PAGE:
13/11/2023
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Campervan cooking and kitchenware guide

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Campervan cooking presents unique challenges but just because you are camping, it doesn't mean you cannot enjoy superb dishes that are tasty treats

Our experts will guide you through your campervan kitchen accessories, including the most useful pots and pans, mugs and cups, cutlery and dining sets.

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Words by Iain Duff

 


Campervan cooking equipment

A Bamboo dining set

(Photo by Iain Duff)

One of the best things about owning a campervan is having a kitchen, as you can enjoy a cuppa and knock up a tasty meal, wherever you are in the world. For some, it’s the simple pleasures like beans on toast or a tinned curry – something easy that requires minimal fuss at the end of a busy day. For others, it’s all about sampling local produce – rustling up a gourmet meal is all part of the adventure!

Whichever camp you fall into, there are some campervan kitchenware essentials you won’t want to leave home without. Because of the limited space for preparing and cooking meals in a campervan, everything you use should be lightweight and easy to store.

Pots and pans

For cooking, you will need a couple of good-quality pots and a non-stick frying pan with a lid – this will help to keep grease at bay when cooking inside your campervan. To save space and make storage easier, look out of for lightweight pans that will stack inside each other. Pans with removable or fold-down handles are best. And if you pack no other kitchen equipment, make sure you take a kettle!

More campervan cooking accessories:

  • Decent-sized chopping board
  • A set of sharp knives (big, medium and small)
  • Kitchen utensils – spatula, masher, cooking spoon, pasta server, ladle and whisk are all useful
  • A grater
  • Pestle and mortar
  • A set of plastic boxes (handy for storing chopped and grated ingredients)
  • Collapsible colander
  • Dishtowel
  • Kitchen roll

What meals can you cook when you’re camping?

Using tins and packets for convenience is absolutely fine, but if you want to take advantage of the slower pace of life on a campervan holiday and create meals using good-quality local produce cooked with care, it’s pretty easy. Bring a basic array of condiments, herbs and spices and use what’s in season where you are. The size of the campervan’s cooker will determine how complex your meals are – stoves with single burners are ideal for one-pot meals, while a three-burner cooker lets you be more creative. Remember you can use a barbecue outside your campervan or buy a camping stove to use outdoors.

Try to buy locally grown veg and produce from the village shop or from farmers’ markets. Not only does it taste better than supermarket produce but it all helps support the local economy. At the coast, look out for fresh mackerel and sardines – which are just divine cooked simply on the barbecue or over the campfire’s dying embers. Inland, try to find authentic local sausages and cuts of meat from local family butchers.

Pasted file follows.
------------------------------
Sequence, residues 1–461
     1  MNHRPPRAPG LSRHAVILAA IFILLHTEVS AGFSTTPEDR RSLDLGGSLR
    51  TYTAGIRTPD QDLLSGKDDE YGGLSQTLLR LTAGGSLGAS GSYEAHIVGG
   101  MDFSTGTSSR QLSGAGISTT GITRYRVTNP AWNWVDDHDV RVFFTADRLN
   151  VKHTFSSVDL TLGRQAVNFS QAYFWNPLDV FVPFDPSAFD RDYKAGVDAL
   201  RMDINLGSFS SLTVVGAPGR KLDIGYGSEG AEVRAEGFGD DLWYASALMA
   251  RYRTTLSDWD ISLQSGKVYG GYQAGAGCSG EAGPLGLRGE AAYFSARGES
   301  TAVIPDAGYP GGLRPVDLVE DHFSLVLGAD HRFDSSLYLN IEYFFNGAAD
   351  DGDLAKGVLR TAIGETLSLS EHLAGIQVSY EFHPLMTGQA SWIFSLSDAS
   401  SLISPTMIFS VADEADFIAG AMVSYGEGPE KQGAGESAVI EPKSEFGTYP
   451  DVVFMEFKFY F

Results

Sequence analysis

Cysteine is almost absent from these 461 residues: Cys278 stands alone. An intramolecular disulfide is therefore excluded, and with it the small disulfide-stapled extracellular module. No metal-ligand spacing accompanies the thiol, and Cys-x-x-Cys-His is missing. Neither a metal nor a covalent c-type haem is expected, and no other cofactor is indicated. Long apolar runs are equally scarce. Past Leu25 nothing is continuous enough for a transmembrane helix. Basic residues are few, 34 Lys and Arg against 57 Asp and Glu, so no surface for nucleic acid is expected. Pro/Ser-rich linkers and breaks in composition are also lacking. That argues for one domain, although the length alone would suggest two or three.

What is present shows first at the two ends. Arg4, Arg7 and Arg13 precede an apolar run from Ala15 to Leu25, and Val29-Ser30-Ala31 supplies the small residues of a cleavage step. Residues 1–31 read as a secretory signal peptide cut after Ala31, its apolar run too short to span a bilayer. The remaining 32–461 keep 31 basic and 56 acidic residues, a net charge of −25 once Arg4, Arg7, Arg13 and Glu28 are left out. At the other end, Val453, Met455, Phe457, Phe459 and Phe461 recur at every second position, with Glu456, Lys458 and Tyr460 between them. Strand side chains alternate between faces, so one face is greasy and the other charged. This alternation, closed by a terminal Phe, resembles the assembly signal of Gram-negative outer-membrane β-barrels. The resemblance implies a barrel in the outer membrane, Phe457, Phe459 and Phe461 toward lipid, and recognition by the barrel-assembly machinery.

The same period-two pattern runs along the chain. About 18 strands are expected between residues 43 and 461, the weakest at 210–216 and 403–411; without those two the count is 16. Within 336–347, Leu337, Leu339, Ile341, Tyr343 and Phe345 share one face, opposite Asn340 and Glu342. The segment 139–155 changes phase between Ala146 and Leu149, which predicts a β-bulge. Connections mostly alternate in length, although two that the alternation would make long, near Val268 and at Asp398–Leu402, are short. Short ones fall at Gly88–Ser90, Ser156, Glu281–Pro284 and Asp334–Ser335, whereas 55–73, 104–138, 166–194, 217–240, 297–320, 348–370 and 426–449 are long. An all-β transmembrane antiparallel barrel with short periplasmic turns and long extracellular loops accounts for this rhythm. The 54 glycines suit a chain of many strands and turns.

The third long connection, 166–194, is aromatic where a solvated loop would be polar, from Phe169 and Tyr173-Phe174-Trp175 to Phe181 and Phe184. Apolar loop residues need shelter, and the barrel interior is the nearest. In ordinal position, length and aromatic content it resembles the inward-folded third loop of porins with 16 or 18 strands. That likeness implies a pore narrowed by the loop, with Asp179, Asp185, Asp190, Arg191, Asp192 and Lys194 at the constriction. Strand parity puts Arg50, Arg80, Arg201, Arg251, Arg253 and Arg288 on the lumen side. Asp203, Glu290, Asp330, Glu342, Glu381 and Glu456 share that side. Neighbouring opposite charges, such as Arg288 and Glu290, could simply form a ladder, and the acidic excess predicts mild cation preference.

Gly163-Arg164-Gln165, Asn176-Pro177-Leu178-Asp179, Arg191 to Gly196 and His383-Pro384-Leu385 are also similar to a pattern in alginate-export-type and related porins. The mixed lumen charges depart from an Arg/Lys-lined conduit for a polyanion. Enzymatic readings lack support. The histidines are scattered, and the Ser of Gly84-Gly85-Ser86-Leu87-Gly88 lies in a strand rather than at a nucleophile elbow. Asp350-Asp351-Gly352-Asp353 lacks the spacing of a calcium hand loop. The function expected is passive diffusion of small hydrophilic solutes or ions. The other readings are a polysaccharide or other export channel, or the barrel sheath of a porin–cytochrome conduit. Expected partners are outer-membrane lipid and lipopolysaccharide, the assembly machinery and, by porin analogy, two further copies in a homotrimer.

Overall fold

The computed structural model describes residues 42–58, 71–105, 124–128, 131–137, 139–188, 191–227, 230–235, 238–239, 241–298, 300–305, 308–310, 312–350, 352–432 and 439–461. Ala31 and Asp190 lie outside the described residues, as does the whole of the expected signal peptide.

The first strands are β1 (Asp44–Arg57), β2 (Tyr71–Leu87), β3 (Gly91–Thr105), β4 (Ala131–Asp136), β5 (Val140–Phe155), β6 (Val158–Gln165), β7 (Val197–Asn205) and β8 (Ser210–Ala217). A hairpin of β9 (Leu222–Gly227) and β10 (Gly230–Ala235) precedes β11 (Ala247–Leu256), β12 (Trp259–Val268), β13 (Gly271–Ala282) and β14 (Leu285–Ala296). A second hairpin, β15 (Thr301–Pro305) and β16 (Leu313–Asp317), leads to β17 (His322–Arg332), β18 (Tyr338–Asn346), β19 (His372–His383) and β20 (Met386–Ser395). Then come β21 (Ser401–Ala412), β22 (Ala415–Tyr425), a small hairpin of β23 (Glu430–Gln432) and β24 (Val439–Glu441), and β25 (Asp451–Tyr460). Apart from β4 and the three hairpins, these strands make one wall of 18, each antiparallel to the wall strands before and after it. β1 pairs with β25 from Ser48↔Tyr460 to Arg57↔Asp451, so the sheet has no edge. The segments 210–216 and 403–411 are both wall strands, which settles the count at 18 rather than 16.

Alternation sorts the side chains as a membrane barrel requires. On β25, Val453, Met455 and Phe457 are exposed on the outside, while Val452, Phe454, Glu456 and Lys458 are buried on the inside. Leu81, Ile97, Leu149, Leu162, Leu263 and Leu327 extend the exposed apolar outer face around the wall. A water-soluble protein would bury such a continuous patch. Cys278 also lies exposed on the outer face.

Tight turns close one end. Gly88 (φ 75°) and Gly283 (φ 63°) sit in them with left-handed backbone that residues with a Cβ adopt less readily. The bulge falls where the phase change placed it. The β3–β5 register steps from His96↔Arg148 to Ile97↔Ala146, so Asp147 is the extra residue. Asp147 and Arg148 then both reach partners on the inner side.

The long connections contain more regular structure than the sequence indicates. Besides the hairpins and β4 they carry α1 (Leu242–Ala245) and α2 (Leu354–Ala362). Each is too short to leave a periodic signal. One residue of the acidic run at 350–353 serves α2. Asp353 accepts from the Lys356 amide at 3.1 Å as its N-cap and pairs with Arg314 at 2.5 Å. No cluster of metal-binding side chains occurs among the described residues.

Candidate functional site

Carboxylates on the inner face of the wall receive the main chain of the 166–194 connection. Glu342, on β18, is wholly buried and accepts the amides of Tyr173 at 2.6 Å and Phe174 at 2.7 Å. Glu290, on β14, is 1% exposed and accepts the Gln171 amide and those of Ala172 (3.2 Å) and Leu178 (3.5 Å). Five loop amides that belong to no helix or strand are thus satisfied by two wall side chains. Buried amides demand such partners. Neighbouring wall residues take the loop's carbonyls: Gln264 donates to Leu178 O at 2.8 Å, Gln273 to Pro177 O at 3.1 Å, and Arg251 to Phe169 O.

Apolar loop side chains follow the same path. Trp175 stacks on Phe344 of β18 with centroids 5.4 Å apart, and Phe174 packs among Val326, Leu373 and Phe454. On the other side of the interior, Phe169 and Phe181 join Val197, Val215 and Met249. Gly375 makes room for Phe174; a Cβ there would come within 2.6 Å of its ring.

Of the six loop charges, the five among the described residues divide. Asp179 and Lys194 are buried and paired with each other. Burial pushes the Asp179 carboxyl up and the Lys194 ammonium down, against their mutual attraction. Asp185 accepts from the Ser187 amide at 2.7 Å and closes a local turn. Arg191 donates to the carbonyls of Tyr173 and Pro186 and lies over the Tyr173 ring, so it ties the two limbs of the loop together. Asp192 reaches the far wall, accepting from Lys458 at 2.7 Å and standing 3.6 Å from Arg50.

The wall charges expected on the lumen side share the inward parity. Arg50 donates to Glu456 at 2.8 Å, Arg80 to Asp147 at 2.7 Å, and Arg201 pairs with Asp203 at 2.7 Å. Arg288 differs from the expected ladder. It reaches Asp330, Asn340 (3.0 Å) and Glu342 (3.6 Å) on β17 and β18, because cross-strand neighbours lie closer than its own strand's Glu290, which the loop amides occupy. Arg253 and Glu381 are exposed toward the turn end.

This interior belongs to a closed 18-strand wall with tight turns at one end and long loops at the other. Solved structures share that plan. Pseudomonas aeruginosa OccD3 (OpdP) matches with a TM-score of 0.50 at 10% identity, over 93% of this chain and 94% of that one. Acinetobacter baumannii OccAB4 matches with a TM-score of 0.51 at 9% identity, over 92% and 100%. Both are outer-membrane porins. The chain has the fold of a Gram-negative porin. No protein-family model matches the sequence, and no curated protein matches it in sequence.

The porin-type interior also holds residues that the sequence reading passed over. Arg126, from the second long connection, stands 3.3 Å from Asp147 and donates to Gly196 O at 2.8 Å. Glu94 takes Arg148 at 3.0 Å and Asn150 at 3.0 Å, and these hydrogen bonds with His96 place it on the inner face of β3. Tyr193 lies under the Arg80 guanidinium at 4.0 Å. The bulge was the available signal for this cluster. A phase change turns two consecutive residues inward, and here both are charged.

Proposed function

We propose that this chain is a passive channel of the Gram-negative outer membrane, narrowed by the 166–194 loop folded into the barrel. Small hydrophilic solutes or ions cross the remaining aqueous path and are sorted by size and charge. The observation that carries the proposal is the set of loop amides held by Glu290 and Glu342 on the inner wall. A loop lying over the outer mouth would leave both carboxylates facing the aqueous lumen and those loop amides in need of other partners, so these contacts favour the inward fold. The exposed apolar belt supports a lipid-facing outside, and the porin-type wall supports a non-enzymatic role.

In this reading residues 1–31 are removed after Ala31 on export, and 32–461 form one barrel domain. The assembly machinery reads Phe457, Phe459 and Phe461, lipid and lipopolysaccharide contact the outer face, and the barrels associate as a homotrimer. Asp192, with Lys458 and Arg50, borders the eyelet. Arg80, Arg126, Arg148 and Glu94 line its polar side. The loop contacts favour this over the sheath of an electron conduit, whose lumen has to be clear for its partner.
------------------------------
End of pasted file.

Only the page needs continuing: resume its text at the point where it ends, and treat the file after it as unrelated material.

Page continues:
What meals can you cook when you’re camping?

Using tins and packets for convenience is absolutely fine, but if you want to take advantage of the slower pace of life on a campervan holiday and create meals using good-quality local produce cooked with care it’s pretty easy. Bring a basic array of condiments, herbs and spices and use what’s in season where you are. The size of the campervan’s cooker will determine how complex your meals are – stoves with single burners are ideal for one pot meals, while a three-burner cooker lets you be more creative. Remember you can use a barbecue outside your van or buy a camping stove to use outdoors.

Try to buy locally grown veg and produce from the village shop or from farmers’ markets. Not only does it taste better than supermarket produce but it all helps support the local economy. At the coast, look out for fresh mackerel and sardines – which are just divine cooked simply on the barbecue or over the campfire’s dying embers. Inland, try to find authentic local sausages and cuts of meat from local family butchers.

Camping larder staples

  • Olive oil and sunflower or vegetable oil
  • Dry pasta
  • Box of flaked sea salt
  • Black pepper mill (and plenty of peppercorns)
  • Cumin, coriander and fennel seeds (whole is best, but ground is fine)
  • Paprika
  • Dried chillies
  • Fresh herbs: garlic, rosemary, thyme, coriander, basil, bay leaves
  • A bottle of hot sauce

Top tip: If you get recipe kit boxes like Gousto or HelloFresh delivered at home, save any leftover small packets of ingredients and take them with you in the campervan. Likewise, pack any unused condiments you’ve received in fast food restaurants or takeaways.